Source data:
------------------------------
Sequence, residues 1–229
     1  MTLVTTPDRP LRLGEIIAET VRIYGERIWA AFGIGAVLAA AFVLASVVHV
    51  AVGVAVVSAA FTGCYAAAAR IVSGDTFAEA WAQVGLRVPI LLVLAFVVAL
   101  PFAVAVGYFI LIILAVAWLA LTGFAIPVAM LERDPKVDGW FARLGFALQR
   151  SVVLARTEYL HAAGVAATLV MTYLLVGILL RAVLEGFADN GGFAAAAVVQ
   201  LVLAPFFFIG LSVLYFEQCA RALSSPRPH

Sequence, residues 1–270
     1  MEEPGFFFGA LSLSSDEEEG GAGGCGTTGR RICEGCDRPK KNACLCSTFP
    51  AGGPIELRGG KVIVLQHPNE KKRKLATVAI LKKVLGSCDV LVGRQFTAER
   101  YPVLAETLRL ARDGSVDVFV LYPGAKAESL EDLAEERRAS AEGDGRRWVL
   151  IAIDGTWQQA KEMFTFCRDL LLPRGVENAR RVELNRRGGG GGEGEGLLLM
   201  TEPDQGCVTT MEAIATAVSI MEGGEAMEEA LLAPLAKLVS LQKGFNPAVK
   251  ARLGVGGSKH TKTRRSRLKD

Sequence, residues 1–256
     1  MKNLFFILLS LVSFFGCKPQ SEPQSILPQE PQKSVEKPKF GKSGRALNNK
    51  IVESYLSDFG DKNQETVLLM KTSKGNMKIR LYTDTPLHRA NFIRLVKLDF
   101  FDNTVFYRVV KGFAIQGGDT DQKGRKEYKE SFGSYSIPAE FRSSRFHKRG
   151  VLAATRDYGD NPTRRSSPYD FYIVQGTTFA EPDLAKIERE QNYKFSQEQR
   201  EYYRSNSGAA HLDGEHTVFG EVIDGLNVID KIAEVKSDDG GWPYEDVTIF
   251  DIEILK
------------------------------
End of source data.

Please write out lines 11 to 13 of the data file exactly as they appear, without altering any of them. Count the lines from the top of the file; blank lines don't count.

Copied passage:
   151  IAIDGTWQQA KEMFTFCRDL LLPRGVENAR RVELNRRGGG GGEGEGLLLM
   201  TEPDQGCVTT MEAIATAVSI MEGGEAMEEA LLAPLAKLVS LQKGFNPAVK
   251  ARLGVGGSKH TKTRRSRLKD